Lachlan Shire National Servicemen 60th Anniversary

Lachlan Shire National Servicemen will join in Australia-wide celebrations marking the 60th anniversary of National Service in coming months.
A total of 287,000 young Australian men were called up for service in the Navy, Army and Air Force between 1951 and 1972.
Of them, 212 died on active service in Borneo and Vietnam.
The Nashos, meeting at Condoblin on May 15, discussed the celebrations on the Shire, State and national level.
They also considered other major issues including the proposed national Five Year Plan to ensure the continuation of the National Servicemen’s Association of Australia; the future of the Heritage Precinct commemorating National Service at the former Ingleburn Army Camp near Sydney; recruiting for the Australian Cadet Force and the importance of the Reserves to Australia’s defence effort.
The first National Serviceman marched into camp on 29 June 1951 and the last completed his obligation in the Army on 14 February 1974.
Lachlan Shire Nashos will join in special parades and services marking the 60th anniversary. These include a national reunion at Townsville in north Queensland and a service at the National Service Memorial which was unveiled by the Governor-General, Ms Quentin Bryce AC, at the Australian War Memorial on 8 September last year.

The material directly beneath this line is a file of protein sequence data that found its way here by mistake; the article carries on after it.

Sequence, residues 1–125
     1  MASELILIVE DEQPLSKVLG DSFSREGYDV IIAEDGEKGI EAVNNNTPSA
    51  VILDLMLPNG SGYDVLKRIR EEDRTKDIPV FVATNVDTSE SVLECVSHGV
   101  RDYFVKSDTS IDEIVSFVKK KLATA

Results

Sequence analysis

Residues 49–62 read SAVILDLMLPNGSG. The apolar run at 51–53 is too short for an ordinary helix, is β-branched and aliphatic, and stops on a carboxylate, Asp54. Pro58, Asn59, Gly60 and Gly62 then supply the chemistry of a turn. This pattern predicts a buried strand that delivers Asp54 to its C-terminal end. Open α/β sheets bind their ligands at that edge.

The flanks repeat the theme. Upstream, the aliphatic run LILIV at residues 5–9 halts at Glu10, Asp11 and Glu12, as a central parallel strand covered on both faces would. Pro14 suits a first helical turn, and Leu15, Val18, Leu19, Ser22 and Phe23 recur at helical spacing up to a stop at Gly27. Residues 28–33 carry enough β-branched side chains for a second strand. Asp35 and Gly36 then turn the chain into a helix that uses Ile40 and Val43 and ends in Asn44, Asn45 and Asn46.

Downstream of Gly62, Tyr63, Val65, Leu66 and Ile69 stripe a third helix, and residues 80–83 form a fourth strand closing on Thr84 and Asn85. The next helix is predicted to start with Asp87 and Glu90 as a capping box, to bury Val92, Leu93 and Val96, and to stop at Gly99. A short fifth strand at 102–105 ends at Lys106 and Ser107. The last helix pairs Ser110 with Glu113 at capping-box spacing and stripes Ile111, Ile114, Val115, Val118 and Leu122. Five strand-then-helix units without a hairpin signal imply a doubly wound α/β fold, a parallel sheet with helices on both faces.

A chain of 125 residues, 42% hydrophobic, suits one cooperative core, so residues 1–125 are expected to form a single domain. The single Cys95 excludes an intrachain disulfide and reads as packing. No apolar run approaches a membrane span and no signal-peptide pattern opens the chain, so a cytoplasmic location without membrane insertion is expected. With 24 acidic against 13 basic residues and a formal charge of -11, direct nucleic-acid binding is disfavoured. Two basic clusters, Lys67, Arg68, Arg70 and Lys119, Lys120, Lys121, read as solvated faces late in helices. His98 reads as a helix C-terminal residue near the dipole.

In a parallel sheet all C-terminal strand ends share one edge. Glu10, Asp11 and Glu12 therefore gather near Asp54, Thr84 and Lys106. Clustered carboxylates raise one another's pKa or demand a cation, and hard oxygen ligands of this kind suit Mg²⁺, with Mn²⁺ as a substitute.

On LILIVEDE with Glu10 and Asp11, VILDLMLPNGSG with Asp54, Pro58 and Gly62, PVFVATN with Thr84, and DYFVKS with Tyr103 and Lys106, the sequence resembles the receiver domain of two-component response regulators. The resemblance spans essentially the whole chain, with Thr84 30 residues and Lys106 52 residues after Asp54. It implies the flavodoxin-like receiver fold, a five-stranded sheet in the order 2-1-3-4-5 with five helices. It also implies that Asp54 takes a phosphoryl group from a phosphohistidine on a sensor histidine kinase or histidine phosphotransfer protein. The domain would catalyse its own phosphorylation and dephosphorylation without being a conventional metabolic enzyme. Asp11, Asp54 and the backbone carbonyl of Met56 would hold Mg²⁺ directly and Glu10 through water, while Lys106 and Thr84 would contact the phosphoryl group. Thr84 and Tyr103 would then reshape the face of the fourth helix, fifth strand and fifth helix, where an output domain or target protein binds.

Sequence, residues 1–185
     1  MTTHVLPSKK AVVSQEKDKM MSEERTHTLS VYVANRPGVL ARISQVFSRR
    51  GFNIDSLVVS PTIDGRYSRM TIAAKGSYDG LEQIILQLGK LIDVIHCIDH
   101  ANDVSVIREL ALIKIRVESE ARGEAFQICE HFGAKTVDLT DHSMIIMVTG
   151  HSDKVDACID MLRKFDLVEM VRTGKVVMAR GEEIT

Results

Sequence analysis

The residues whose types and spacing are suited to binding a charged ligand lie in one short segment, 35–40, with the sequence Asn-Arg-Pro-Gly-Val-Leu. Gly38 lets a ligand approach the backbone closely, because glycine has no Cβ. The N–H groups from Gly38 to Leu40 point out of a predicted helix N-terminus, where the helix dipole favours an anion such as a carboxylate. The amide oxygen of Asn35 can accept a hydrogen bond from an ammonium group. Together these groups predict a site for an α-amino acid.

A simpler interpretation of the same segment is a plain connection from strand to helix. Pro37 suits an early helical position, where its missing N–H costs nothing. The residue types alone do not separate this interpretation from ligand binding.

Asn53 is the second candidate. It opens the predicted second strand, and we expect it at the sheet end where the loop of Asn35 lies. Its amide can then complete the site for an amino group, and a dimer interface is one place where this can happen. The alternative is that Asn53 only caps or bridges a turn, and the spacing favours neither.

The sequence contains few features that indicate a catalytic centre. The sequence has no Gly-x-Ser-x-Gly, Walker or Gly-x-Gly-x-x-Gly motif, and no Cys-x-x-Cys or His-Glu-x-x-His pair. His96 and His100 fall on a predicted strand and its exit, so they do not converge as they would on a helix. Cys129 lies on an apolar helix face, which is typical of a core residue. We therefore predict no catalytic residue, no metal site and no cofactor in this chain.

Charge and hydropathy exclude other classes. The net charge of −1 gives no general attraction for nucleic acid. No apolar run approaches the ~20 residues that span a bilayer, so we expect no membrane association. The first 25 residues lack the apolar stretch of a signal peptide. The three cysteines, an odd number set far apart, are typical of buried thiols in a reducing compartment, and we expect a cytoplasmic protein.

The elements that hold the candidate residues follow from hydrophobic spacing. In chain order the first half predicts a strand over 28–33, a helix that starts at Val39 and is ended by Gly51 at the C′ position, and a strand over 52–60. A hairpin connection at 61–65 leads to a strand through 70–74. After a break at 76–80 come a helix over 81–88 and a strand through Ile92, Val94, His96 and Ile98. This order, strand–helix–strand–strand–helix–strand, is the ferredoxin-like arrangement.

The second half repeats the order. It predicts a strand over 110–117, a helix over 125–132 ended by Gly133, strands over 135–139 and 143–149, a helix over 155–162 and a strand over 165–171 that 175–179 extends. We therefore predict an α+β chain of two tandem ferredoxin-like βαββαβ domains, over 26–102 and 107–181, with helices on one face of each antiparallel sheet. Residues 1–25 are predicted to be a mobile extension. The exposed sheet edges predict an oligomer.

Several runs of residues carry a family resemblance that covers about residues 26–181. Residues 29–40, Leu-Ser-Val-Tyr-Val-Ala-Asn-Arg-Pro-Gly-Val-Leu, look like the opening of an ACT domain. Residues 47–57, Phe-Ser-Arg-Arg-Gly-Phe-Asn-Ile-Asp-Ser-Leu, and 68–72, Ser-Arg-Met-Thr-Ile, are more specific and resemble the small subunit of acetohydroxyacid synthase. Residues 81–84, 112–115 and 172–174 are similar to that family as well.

The Five Year Plan aims at recruiting 1960s National Servicemen to join the NSAA.  Of the 65,000 young men called up in the 1960s, just over 15,000 served in Borneo and Vietnam.
The remainder served in support units in Malaysia, Papua New Guinea and Australia but received no recognition such as veterans’ pensions, medals or home loans.
They have been termed the Lost Legion because until recently they have tended not to join in any ex-service organisations.
The recruiting campaign aims to encourage them to take over from the 1950s National Servicemen who have directed the Association since its foundation in 1987.
The Lachlan Shire National Servicemen have also expressed concern at proposed sell-offs of land around the former Ingleburn Army camp which houses the National Service museum containing photos, relics and memorabilia from the National Service era.
The NSAA helps maintain the Museum and Precinct but it is becoming an increasing financial burden and the Association is discussing ways to ensure that the Museum continues.
The strain on Australia’s Reserve Forces and the difficulties in recruiting Reservists and Cadets was another area of concern at the Condobolin meeting.

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